Tired of using ground beef the same old way? Try this spicy dish! Feel free to double the sauce if you like it really saucy! Update: the hoisin sauce is quite sweet, so you might start off with just a little and work your way up!
This is a teriyaki style marinade ---who ever said that marinades are only for flavor and not tenderizing has never tried this recipe! this marinade produces the most fabulous tasting beef and pork and tenderizes like nothing you have ever had before! I developed this recipe almost 20 years ago and still use it to this day, this works fabulous on a London Broil, it makes the best kabobs and pork tenderloins!--- the longer the meat marinades the more tender and juicy it will be, so plan ahead the meat needs to stay in the fridge for a minimum of 8 hours to 24 hours (even better if left for 24 hours!) the amounts listed are enough for 2 pounds beef or pork so you might want to double or even triple the ingredients, if I am doubling or tripling I usually cut back on the soy sauce and still only use 2-3 tablespoons fresh garlic, you can add in 1 teaspoon dry mustard powder also, the powdered meat tenderizer is only optional you do not have to use it this works great even without it! don't forget to allow the meat to come down to almost room temperature before cooking, this will relax the meat fibers and create a more tender meat --- DO NOT substitute the honey for anything else but pure maple syrup, and if possible I recommend using honey that is what works as the tenderizer
This is the classic, adapted from "Mastering the Art of French Cooking." A wonderful dish, raising the simple stew to an art form and quite simple to make -- even though the instructions look long. Use Simple Beef Stock, the recipe for which is posted on this site. Use a wine that you would drink -- not cooking wine. And the better the cut of beef, the better the stew.
As the beef is combined with braised onions and sauteed mushrooms, all that is needed to complete your main course is a bowl of potatoes or noodles and lots of good bread for the sauce.
Oh-So-Tender Roast with a delicious broth mixture that can be served "au jus" or thickened for a luscious, hearty gravy. Add carrots and potatoes (optional), and you have a one-dish meal that cooks unattended. The sliced roast makes tasty Roast Beef au Jus Sandwiches. For a second meal, make stew or soup from the leftover roast, carrots, potatoes, and gravy...perhaps adding a little wine or water if needed to get the perfect consistency.
**Needs to Marinate**
I was excited to find this recipe online. In my younger days I worked at a restaurant that served a delicious parmesan butter with all of it's steaks. This is so close to that very recipe.
Try the Paprika-Parmesan Butter with all of your favorites steaks.
I combined my sister-in-law's marinade recipe with my friend's barbecue cooking method. I then submitted this recipe into to a radio station as part of a contest and I ended up winning the grand prize of a Jenairre stove! It's so versatile that it works both with cheap cuts of beef and expensive too. I won't cook beef roast any other way. Enjoy!
This recipe is from Super Suppers, the franchise that allows families to prepare meals ahead of time in their central kitchen. They do the prep, you do the assembly for quick dinners from the freezer. I love flank steak and this sweet/spicy combination appealed to me. The addition of pepper is mine and the way I like this dish.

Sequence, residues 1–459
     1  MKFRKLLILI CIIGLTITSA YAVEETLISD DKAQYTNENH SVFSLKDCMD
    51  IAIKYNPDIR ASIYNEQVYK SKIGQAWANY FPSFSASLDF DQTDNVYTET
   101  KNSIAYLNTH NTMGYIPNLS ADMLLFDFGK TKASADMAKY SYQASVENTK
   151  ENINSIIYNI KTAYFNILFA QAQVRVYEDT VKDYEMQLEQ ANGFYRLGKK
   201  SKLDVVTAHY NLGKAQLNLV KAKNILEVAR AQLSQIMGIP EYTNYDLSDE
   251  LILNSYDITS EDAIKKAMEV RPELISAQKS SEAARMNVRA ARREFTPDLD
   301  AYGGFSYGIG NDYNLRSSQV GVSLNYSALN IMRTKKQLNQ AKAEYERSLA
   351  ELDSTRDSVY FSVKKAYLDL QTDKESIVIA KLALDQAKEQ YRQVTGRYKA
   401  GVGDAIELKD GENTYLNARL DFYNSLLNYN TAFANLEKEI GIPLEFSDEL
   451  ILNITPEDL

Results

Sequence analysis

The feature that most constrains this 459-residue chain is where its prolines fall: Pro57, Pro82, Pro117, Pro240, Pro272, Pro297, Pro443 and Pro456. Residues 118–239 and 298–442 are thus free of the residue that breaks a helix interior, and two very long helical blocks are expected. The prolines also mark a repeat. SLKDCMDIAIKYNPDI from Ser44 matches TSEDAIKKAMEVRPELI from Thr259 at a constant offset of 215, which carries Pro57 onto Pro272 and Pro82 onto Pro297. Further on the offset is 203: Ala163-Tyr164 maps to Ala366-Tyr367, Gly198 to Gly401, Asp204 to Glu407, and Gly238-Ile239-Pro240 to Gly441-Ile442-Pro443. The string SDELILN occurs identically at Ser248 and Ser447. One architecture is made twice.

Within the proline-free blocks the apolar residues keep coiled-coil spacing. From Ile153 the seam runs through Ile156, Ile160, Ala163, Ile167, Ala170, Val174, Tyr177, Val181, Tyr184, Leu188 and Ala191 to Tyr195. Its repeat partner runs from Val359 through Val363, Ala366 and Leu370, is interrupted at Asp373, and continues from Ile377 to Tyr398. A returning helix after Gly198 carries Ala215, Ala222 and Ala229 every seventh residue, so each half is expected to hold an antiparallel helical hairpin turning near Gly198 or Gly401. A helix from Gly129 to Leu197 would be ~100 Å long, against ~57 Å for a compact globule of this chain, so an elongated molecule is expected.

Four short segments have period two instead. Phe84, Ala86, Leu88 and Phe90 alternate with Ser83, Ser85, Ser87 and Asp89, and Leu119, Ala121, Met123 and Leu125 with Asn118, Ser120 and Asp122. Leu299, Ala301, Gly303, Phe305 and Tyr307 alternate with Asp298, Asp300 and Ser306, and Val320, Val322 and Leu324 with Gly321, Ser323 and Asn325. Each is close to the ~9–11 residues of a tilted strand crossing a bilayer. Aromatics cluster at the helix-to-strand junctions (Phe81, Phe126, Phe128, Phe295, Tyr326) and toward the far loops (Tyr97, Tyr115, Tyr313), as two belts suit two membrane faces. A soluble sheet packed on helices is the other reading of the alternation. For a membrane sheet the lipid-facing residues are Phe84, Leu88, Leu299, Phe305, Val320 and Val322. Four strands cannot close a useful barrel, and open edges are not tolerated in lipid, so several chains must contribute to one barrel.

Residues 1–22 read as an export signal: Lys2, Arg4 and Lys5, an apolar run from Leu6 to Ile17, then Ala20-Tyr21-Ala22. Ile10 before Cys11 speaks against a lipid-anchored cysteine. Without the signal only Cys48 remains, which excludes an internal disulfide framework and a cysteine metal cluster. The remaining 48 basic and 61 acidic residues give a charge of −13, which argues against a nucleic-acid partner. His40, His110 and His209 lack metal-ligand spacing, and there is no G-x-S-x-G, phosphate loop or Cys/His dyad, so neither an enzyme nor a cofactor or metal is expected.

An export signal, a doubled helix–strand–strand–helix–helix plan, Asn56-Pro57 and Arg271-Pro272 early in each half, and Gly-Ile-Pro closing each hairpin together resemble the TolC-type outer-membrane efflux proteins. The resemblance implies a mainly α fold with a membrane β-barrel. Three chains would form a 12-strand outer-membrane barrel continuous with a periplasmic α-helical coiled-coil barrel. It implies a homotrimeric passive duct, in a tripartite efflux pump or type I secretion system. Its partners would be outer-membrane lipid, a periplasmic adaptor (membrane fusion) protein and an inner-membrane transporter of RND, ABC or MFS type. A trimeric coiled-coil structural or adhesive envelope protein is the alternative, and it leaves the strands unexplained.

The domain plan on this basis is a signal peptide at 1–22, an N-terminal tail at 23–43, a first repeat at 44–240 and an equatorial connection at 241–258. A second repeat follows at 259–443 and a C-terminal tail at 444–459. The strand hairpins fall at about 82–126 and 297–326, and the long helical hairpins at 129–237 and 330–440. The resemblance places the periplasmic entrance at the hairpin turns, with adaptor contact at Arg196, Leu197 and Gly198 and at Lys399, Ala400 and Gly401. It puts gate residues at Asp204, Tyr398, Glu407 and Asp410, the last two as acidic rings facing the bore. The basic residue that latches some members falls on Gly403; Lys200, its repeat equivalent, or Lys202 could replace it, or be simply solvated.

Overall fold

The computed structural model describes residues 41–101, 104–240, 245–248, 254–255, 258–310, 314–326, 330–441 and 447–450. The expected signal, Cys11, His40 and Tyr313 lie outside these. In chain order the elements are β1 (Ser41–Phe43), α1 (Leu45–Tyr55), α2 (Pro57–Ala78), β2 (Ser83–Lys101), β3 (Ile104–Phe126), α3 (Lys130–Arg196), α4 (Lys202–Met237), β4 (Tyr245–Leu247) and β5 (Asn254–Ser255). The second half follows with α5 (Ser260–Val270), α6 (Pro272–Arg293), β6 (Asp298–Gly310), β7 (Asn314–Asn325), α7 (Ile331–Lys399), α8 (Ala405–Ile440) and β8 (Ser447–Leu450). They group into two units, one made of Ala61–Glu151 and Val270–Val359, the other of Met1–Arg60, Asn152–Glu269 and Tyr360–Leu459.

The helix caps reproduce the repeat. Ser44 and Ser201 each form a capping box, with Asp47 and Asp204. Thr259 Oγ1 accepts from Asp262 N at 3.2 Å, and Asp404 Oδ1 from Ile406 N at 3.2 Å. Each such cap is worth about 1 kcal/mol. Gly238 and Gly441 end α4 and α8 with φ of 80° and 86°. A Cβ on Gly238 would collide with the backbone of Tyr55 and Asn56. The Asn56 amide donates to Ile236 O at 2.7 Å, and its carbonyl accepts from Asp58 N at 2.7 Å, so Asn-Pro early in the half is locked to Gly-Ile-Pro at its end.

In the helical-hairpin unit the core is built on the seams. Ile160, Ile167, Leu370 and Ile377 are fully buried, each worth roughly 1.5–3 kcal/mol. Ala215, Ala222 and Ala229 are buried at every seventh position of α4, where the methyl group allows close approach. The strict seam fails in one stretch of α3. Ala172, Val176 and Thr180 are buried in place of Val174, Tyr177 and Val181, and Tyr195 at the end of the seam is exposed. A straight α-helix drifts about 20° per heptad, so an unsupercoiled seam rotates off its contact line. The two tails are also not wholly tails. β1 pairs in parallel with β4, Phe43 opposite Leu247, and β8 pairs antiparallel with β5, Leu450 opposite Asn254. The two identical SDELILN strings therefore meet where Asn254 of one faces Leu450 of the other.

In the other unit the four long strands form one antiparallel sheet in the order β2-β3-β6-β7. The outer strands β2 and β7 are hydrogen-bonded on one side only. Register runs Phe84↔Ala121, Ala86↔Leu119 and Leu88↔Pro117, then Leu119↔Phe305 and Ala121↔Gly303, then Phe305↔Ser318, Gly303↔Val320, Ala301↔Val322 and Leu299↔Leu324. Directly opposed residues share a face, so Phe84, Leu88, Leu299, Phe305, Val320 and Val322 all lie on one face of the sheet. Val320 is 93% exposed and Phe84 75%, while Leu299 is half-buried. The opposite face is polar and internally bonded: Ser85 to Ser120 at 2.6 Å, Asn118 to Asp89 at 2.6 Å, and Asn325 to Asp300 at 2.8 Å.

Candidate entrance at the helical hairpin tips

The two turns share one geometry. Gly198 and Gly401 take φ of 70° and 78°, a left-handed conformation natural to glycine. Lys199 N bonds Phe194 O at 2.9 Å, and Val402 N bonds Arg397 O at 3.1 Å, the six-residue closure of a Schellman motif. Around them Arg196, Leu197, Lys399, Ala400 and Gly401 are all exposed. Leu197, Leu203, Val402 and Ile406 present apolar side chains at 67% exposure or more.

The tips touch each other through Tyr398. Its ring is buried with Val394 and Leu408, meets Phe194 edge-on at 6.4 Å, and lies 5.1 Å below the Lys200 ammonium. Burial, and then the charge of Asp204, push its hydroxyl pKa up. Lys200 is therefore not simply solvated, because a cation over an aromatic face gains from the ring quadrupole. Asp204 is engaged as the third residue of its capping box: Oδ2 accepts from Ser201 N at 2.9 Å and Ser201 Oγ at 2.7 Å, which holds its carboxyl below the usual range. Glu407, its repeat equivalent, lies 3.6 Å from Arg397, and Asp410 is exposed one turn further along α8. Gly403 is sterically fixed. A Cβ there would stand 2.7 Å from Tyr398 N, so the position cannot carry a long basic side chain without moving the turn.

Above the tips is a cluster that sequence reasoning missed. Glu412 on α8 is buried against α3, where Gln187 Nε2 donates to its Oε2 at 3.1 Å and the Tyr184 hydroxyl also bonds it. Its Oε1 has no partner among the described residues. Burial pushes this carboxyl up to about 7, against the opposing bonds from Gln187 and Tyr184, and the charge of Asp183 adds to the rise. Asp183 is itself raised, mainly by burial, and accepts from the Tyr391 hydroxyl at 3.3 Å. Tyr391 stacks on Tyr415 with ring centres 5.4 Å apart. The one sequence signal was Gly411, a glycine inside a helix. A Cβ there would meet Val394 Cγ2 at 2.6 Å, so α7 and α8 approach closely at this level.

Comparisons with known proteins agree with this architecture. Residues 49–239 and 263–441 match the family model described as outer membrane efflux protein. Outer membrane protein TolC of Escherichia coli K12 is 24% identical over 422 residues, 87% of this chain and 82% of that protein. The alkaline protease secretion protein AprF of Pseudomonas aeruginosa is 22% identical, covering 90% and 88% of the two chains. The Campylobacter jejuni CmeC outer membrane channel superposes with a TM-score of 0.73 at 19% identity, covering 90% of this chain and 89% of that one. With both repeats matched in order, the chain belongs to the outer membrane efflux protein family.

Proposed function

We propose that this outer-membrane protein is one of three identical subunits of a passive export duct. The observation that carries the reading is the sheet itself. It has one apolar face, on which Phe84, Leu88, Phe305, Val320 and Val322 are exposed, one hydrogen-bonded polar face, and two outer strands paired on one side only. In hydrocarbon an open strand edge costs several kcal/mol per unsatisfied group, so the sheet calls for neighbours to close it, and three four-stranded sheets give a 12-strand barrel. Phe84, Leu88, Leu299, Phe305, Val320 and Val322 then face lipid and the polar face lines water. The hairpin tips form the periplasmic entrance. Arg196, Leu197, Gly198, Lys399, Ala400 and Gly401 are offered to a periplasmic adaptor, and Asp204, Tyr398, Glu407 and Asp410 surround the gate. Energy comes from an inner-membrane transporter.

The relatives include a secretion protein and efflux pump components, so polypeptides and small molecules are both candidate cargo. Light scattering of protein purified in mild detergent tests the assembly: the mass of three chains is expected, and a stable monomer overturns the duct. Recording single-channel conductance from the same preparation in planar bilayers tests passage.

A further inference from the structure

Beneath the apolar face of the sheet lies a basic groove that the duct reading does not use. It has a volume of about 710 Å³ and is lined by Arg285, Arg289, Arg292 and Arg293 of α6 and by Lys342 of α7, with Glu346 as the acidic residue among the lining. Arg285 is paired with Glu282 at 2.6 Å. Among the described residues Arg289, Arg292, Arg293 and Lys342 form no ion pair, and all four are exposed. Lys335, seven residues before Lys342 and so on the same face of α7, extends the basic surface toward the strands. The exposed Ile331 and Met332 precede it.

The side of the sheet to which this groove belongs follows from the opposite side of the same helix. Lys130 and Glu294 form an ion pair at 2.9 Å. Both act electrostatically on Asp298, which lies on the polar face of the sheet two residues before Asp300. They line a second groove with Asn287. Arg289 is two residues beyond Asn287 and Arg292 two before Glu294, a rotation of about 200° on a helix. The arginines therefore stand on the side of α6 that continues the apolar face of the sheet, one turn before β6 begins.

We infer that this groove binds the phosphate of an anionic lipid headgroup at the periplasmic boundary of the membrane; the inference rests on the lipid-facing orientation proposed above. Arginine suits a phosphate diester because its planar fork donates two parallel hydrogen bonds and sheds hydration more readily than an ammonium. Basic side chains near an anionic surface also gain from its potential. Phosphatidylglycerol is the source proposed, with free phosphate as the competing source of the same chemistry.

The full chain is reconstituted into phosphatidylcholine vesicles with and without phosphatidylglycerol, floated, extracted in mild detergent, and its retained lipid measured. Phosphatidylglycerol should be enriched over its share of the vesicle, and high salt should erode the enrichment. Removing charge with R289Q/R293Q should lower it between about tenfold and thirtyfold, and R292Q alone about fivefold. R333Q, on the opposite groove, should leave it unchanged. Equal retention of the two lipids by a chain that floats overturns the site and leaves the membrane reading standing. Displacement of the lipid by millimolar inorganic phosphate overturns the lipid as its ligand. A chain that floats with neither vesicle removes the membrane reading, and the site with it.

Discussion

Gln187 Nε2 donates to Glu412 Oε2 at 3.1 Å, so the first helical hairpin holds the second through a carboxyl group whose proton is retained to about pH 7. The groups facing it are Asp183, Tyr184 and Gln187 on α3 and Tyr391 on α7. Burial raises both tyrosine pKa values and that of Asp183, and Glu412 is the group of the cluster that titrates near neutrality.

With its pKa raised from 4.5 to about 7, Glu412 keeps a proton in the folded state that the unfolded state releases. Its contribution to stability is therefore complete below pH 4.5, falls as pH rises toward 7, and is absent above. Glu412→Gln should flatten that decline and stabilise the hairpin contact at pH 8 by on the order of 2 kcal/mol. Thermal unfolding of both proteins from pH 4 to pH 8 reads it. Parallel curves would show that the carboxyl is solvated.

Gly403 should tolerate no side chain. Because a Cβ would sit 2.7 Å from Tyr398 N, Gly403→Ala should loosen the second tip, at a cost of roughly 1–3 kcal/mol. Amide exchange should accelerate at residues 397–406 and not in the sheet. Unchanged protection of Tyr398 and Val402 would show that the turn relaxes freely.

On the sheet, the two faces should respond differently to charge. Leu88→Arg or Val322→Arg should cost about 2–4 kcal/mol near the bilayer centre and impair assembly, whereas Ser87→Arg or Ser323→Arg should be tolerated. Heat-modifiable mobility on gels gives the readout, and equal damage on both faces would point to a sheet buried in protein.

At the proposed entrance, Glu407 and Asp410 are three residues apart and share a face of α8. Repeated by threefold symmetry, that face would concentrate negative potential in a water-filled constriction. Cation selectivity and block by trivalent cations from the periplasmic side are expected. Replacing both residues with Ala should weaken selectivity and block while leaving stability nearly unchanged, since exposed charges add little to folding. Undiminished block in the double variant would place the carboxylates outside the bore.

This steak is very very delicious and juicy. My mother says I have spoiled her and swears it is better than the "Outback Steakhouse." If you like tender, juicy steak here it is. Prep time includes an hour for marinating. The longer the better!! If you want to decrease serving size it is not necessary to decrease amount of marinade.
Originally created in the late 19th Century for a Russian count. There are a lot of European and American versions that come nowhere close to reproducing this dish as it was originally made. What follows is the classic Russian version.
This is a recipe is soooooo yummy!!! It is traditionally served over toast (S.O.S. is s**t on a shingle, toast being the shingle) but it can be served over biscuits, baked potatoes, rice or whatever you like. I like to use a cast iron skillet.
This recipe for Prime Rib works every time, thus the word "magic." I have relied on it for holiday dinners and special occasion meals for over 25 years. It really gives the chef a lot of wiggle room to make the rest of the meal. It does take 2 1/2 hours of oven time. And it does work! I have the butcher debone then retie it for the best flavor. I have had good luck with this method of cooking for many years with 3-5 pound roasts, but several chefs here at Zaar have said that the roast should be 5-7 plus. Just always go to the butcher and order Prime or get Choice. None of this "Select" or "Blue Ribbon" stuff. If you're spending the money for a prime rib roast, please don't go for these cheap and flavorless grades of meat. We learned this the hard way and should have known better, Hubby's Daddy was a butcher. And they are a dying breed. I hope you enjoy this cooking method and the results!
Perfect Medium Rare Roast beef, every time. You just put it in the oven, cook it, turn oven off, then head off to work or where ever. Come home and you have a dish that will make folks wonder "how did you make this and be at work all day?" ;) Suggested served with Recipe #266053
I've been making this dish for years and it never fails to draw rave reviews. Using a good cut of meat is key, so it will be very tender. I use beef tenderloin or sirloin (choice at the minimum). The longer you marinate the beef the better the flavor (over night at a minimum). Cooking time does not include time to marinate.